Originally published on Whole Foods Market's Whole Story blog
Did you know that many of our stores have Healthy Eating Specialists? These team members answer customers’ healthy eating questions and can assist you in choosing the most nutrient-dense ingredients, suggest satisfying healthy recipes, help you create a meal plan in keeping with your health goals and much more. They’re one of our favorite get-healthy, stay-healthy resources, and we hope they become one of yours.
Find your local store, then select more info about the store to see if there’s a Healthy Eating Specialist near you. If there isn’t, don’t worry. We’ve asked our Specialists to send us their best tips, which we’ll be sharing with you throughout January.
We’re starting off with a challenge: We asked our Healthy Eating Specialists to narrow down their knowledge to the one, most essential piece of advice they’d give to someone who wanted to start down a healthier path. Ladies and gentlemen, we offer you these, their crown jewels.
Start by Adding Food
Surprised? This was our Specialists’ top tip: They suggest that actually adding food to your diet — before removing or changing anything — is the best first step to take. The trick is what and when: Add greens, vegetables and other whole, nutrient-dense foods to every meal (think green smoothies for breakfast and salads for lunch) and eat them first if they accompany other dishes.
Heather Braaten, from the Capitol Hill store in Washington, DC, says: “Begin by adding in more plant foods. When you think in terms of adding in the good, instead of taking out the bad, you won’t feel as though you’re making sacrifices.”
Jeremy Bartel of the Glendale store in Glendale, Colorado, suggests, “Try to fit in a green salad as a side dish for your lunch and dinner. Make the salad a little bit bigger every week. Crowd out some of the food that is unhealthy with salad!”
After all, as Stephanie McCubbin from the Pearl store in Boulder, Colorado, says: “We are what we eat, not what we don’t eat!”
And Start Small
Radically changing your habits is just that, radical. Even if you’re not making a major overhaul, big changes are overwhelming, and that’s no way to create sustainable habits, say our Specialists.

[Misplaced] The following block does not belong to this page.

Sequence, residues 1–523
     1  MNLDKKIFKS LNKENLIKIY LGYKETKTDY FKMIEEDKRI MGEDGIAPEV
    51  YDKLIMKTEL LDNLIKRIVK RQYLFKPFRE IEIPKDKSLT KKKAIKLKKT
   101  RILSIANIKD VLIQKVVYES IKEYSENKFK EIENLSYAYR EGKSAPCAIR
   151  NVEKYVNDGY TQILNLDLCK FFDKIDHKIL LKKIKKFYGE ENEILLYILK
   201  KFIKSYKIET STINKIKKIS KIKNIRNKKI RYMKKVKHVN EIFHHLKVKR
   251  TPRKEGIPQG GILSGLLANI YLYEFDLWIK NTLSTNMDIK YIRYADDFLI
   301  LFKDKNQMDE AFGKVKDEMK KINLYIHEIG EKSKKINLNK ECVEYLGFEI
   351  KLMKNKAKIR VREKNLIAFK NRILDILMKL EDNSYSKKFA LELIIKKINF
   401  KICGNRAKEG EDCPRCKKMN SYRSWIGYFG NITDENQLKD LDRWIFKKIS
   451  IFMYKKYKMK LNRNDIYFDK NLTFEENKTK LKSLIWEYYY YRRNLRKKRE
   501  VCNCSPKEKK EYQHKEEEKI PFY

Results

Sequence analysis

Angela Mazur from the Potero Hill store in San Francisco says, “Don’t feel like you have to change everything at once! Make small goals that you can accomplish, one at a time.”
Allison Godfrey of the Tenleytown store in Washington, DC, says, “Real lifestyle changes will only come from taking steps that you feel good about — and that you can keep. Make compromises on what you’re willing to change and what you’re not willing to change.”
And if you’re just getting started on an exercise program, Joy Chen of the Fremont store in California suggests first doing little things, like parking your car further away from a building’s entrance, then adding exercise in 15 minute increments. “Consistently evaluate where you are to make small changes,” she says. “Before you know it, you’ll have progressed further than you would’ve imagined!”
Do It With Purpose
“When someone approaches me about wanting to take steps towards a healthier lifestyle,” says Mary Russ from the Tallahassee store, “I always suggest that they slow down and take the time to truly think about what they are eating and how it makes them feel afterwards. Some of the biggest revelations come from slowing down long enough to make the connection between your food and your health. From there you can start to really see the impact that the changes in diet and lifestyle are making.”